Studies show that coronary artery disease (CAD) causes roughly 1.2 million heart attacks each year and more than 40% of those who suffer these events will die. Fortunately, physicians are more informed than ever before and are able to keep a close eye on their patients’ heart attack risk. They can prescribe proper medications and offer lifestyle changes that are tailored to each person’s needs. At the same time, new advancements—including next-generation diagnostic reports—are available to help physicians empower patients to better understand and improve their heart health.
Published research has identified several key risk factors for heart disease that fall outside the realm of what patients can control, but the good news is many risk factors for heart disease are controllable. The key is to use the resources we have to identify modifiable risk factors early. Such actionable items include efforts to quit smoking, control blood pressure and cholesterol levels, and manage diabetes, among others.
Recent advancements in cholesterol testing are enabling physicians to look beyond standard lipid levels and helping provide patients with a more detailed picture of their heart health. Testing that measures the small particle of lipoproteins—for example, Apo B, LP(a) and mapping of HDL to assure the quality of HDL particles—have revolutionized risk factor modification. Additionally, it is now known that inflammatory markers, such as lipoprotein-associated phospholipase A2 and myeloperoxidase, are directly correlated to arterial intima inflammation and an increased risk of CAD. Furthermore, measuring insulin resistance and insulin levels could identify prediabetes early and possibly prevent the development of CAD.
Additional diagnostic advancements include genotype testing for sensitivity to statins. This can ensure that patients can tolerate statin therapy when they are put on a specific formulation, which in turn may improve adherence rates. We also now have testing that directly measures the major cholesterol production and absorption markers that are associated with circulating total cholesterol. This can help clinicians understand why patients have abnormal cholesterol levels and provide information on how to treat it. Advances have also been made by personalizing data and engaging diagnostic reports with easy-to-understand language and graphics. These recent advances can help patients understand why and how to take a bigger role in adhering to simple lifestyle changes.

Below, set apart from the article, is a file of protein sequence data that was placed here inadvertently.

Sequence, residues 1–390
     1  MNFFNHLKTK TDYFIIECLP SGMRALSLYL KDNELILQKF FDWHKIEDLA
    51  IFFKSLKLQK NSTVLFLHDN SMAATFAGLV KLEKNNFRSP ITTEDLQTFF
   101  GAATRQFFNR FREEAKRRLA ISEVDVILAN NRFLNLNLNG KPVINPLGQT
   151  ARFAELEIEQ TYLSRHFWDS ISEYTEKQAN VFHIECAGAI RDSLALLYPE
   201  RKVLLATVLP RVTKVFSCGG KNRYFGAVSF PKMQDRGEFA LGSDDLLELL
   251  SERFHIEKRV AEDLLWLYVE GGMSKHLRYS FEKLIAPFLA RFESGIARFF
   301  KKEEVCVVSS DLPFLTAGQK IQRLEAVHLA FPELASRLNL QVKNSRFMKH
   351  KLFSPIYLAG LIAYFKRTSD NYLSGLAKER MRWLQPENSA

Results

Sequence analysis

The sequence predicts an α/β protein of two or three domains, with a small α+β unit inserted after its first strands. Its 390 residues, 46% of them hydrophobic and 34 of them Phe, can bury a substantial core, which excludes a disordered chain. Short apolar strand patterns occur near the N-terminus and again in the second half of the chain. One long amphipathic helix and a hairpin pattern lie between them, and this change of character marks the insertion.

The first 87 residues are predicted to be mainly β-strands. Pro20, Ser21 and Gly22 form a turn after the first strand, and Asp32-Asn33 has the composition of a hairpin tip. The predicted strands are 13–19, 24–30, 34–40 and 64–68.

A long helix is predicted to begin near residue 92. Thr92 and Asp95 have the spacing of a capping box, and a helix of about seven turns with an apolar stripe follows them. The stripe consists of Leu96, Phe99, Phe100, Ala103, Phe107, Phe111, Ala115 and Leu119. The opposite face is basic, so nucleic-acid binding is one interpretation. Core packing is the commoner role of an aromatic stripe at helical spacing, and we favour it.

The recent wave of modern diagnostic tools to help manage heart disease are enabling physicians to assess risk factors earlier, empower patients to take a more active part in their heart health, and prevent or modify the course of their disease. Rather than treating heart disease at the end stages, we should be proactive about using these tools throughout care to increase our heart disease prevention efforts.
Readings & Resources (click to view)
Pearson TA, Mensah GA, Alexander RW, et al. Centers for Disease Control and Prevention and American Heart Association. Markers of inflammation and cardiovascular disease: application to clinical and public health practice: a statement for healthcare professionals from the Centers for Disease Control and Prevention and the American Heart Association. Circulation. 2003;107:499-511.
Greenland P, Alpert JS, Beller GA, et al. American College of Cardiology Foundation; American Heart Association. 2010 ACCF/AHA guideline for assessment of cardiovascular risk in asymptomatic adults: a report of the American College of Cardiology Foundation/American Heart Association Task Force on Practice Guidelines. J Am Coll Cardiol. 2010;56:e50-e103.
Stone NJ, Robinson JG, Lichtenstein AH., et al. 2013 ACC/AHA guideline on the treatment of blood cholesterol to reduce atherosclerotic cardiovascular risk in adults: a report of the American College of Cardiology/American Heart Association Task Force on Practice Guidelines. J Am Coll Cardiol. 2014;63:2889-2934.
JN, Caglar T, Stockl KM, Lew HC., et al. Impact of the new ACC/AHA guidelines on the treatment of high blood cholesterol in a managed care setting. Am Health Drug Benefits. 2014;7:426-439.